Jet engines

February 5, 2008 - 9:41am

France-based engine manufacturer Snecma has reported “positive results” for the first 35 ground test hours of its Silvercrest core engine. In an unusual move, the company has begun the test program without announcing a launch application for the new turbofan, which is targeted for applications on future super-midsize to large business jets. The core engine achieved “all the expected performance objectives” for these combustion trials.

February 5, 2008 - 9:41am

France-based engine manufacturer Snecma has reported “positive results” for the first 35 ground test hours of its Silvercrest core engine. In an unusual move, the company has begun the test program without announcing a launch application for the new turbofan, which is targeted for applications on future super-midsize to large business jets. The core engine achieved “all the expected performance objectives” for these combustion trials.

January 2, 2008 - 9:43am

Boeing 747-132, over Lake Michigan, Oct. 20, 2004–The Safety Board attributed the separation of the cargo 747’s number-one engine from its mounts to the uncontained separation of a portion of the second-stage turbine disk rim after the second-stage turbine vanes contacted the disk, due to the operator’s inadequate inspection of the high-pressure turbine module and the improper repair of the module.

December 18, 2007 - 6:57am

The story of how a 100-year-old prestige motor car company evolved into one of the world’s premier aircraft engine manufacturers is rooted in the weaving together of two fundamental principles–adaptability and commonality.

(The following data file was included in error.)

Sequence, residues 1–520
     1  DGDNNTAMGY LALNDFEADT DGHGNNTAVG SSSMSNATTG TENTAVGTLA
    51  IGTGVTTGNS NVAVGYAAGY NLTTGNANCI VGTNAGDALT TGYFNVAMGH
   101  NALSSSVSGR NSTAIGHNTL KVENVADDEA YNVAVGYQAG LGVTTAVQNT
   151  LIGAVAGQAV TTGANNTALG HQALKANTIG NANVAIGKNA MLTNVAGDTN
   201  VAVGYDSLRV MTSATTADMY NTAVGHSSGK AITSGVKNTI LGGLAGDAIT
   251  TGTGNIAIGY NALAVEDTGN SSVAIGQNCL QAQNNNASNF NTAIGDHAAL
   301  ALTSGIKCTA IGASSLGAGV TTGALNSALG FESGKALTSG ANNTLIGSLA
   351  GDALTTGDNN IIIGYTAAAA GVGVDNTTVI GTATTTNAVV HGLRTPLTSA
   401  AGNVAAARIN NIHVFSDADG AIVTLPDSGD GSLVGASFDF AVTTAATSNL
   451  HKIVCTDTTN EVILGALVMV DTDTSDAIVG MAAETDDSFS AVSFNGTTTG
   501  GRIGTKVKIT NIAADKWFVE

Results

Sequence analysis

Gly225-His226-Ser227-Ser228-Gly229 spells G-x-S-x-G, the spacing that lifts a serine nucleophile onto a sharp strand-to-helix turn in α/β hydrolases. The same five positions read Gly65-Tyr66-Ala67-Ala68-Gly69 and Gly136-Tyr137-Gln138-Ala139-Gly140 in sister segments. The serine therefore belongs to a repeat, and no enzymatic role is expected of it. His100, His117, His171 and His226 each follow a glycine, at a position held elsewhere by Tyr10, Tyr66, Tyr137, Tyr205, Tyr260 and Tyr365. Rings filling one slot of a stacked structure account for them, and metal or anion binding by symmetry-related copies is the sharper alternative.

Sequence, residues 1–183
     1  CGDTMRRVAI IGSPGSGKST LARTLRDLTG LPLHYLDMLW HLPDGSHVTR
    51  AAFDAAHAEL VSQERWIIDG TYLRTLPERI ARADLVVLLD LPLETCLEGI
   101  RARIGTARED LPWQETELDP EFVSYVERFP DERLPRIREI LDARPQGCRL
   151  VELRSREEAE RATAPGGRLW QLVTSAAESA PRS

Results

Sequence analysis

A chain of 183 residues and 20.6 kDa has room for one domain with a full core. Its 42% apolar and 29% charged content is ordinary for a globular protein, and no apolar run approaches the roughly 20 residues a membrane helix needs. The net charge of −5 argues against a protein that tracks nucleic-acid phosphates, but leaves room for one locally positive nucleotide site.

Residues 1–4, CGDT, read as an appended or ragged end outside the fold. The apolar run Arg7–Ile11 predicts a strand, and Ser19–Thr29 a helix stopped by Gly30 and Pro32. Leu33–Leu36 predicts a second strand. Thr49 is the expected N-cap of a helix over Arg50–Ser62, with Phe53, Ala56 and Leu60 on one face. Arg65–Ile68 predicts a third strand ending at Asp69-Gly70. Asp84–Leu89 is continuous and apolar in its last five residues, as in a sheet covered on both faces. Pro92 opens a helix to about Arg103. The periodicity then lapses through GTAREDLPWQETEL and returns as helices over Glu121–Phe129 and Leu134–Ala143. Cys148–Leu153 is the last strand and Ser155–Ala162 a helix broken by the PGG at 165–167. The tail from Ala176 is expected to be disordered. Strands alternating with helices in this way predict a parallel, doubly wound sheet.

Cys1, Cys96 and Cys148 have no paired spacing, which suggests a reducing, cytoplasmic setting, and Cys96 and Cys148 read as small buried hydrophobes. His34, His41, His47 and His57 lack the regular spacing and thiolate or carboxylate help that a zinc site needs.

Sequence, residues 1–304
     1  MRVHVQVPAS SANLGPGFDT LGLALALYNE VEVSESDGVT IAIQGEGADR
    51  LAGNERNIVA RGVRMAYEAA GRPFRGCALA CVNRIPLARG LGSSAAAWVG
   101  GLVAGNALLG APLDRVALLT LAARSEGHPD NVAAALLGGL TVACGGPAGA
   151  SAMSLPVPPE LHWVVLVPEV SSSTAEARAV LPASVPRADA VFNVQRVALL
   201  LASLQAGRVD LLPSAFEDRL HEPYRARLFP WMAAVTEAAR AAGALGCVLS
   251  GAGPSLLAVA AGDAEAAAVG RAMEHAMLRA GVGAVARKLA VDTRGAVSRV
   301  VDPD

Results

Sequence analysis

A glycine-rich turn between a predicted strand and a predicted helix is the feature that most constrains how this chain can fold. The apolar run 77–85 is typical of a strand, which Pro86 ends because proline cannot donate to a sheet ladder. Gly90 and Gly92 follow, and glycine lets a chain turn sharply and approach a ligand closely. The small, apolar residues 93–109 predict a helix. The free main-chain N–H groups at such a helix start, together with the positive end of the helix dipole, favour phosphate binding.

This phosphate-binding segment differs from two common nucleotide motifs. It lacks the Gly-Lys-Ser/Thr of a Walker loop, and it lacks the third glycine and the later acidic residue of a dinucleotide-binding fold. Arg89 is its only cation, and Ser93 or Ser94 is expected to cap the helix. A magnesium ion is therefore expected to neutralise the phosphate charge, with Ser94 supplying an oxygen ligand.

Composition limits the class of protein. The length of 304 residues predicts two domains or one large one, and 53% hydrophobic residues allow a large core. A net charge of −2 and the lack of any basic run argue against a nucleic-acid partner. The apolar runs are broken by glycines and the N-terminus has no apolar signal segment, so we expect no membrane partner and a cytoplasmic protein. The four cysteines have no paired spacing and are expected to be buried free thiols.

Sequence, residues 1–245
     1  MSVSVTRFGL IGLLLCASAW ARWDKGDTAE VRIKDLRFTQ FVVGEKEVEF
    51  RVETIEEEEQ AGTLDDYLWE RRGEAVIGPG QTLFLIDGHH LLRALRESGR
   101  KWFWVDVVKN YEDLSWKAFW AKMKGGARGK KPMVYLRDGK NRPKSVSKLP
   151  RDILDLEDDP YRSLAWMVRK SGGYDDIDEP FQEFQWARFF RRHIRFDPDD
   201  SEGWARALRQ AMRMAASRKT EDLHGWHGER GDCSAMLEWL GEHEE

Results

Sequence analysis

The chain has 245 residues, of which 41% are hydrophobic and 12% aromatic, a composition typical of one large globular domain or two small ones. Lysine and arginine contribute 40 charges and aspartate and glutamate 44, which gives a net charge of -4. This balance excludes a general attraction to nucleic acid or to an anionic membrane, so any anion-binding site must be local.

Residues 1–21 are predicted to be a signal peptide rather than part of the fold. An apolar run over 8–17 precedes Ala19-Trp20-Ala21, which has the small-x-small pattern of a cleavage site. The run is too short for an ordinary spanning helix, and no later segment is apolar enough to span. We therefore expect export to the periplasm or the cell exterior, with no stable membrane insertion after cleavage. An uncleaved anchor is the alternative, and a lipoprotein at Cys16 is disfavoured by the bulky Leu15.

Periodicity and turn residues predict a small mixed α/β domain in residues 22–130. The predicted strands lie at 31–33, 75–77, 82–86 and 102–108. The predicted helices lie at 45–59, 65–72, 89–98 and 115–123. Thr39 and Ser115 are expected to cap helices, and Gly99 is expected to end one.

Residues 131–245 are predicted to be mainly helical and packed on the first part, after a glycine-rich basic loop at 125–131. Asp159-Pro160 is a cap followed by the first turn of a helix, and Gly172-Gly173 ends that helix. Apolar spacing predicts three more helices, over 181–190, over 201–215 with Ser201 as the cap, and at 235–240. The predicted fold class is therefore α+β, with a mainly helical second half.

October 23, 2007 - 11:23am

Beginning next month, engine manufacturers seeking FAA type certification for new turbine designs with inlet areas greater than 2.5 square meters (roughly 27 sq ft) will have to pass more stringent bird-ingestion tests. The amended rule–already accepted by the EASA–formalizes standards that the industry has already largely adopted, according to Marc Bouthillier of the FAA’s engine and propeller directorate.

October 16, 2007 - 10:43am

Pratt & Whitney Canada and the French-Russian Snecma-NPO Saturn joint venture are knocking at the door of the market for regional-jet turbofan engines. The geared-fan PW800 and the more conventional SM146 are not yet fully launched programs, but development is well under way.

October 16, 2007 - 6:49am

Emergency AD 2003-08-52 was issued last month for the GE CT7-9B turboprop in response to 12 compressor-stall events in Saab 340Bs over a six-month period. The stalls occurred when pilots throttled back from takeoff power to climb power. Nine of the events involved engines that had the compressor variable geometry (VG) rigged to N1, one of two allowable rigging options that affords slightly higher performance at the expense of stall margin.

October 11, 2007 - 6:51am

For aviation, the spirit of the 1950s could be said to have begun with Chuck Yeager’s breaking of the “sound barrier” in Glamorous Glennis, a rocket-powered Bell X-1, on Oct. 14, 1947. The World War that had dominated the first half of the 1940s was receding in memory, and mankind’s focus on ascending from the rubble was illustrated clearly by the advances in aviation.

October 8, 2007 - 6:39am

Honeywell will announce a new APU at the NBAA Convention this month aimed at turboprops, light jets and small helicopters. The company said the RE-50 is the first oilless and gearless APU with an integrated generator on the same shaft, and at 50 pounds it is about one-third the weight of Honeywell’s RE-150.

September 27, 2007 - 6:40am

Bombardier Learjet 25, St. Augustine, Fla., July 21, 2007–An SK Logistics Learjet 25 was substantially damaged by a hard landing after a dual engine flameout on approach to St. Augustine Airport. As the first officer reduced power on approach, both engines quit. The captain tried unsuccessfully to restart the engines and landed the jet. The 4,620-hour ATP pilot and the 2,453-hour commercial first officer were not injured.

 
X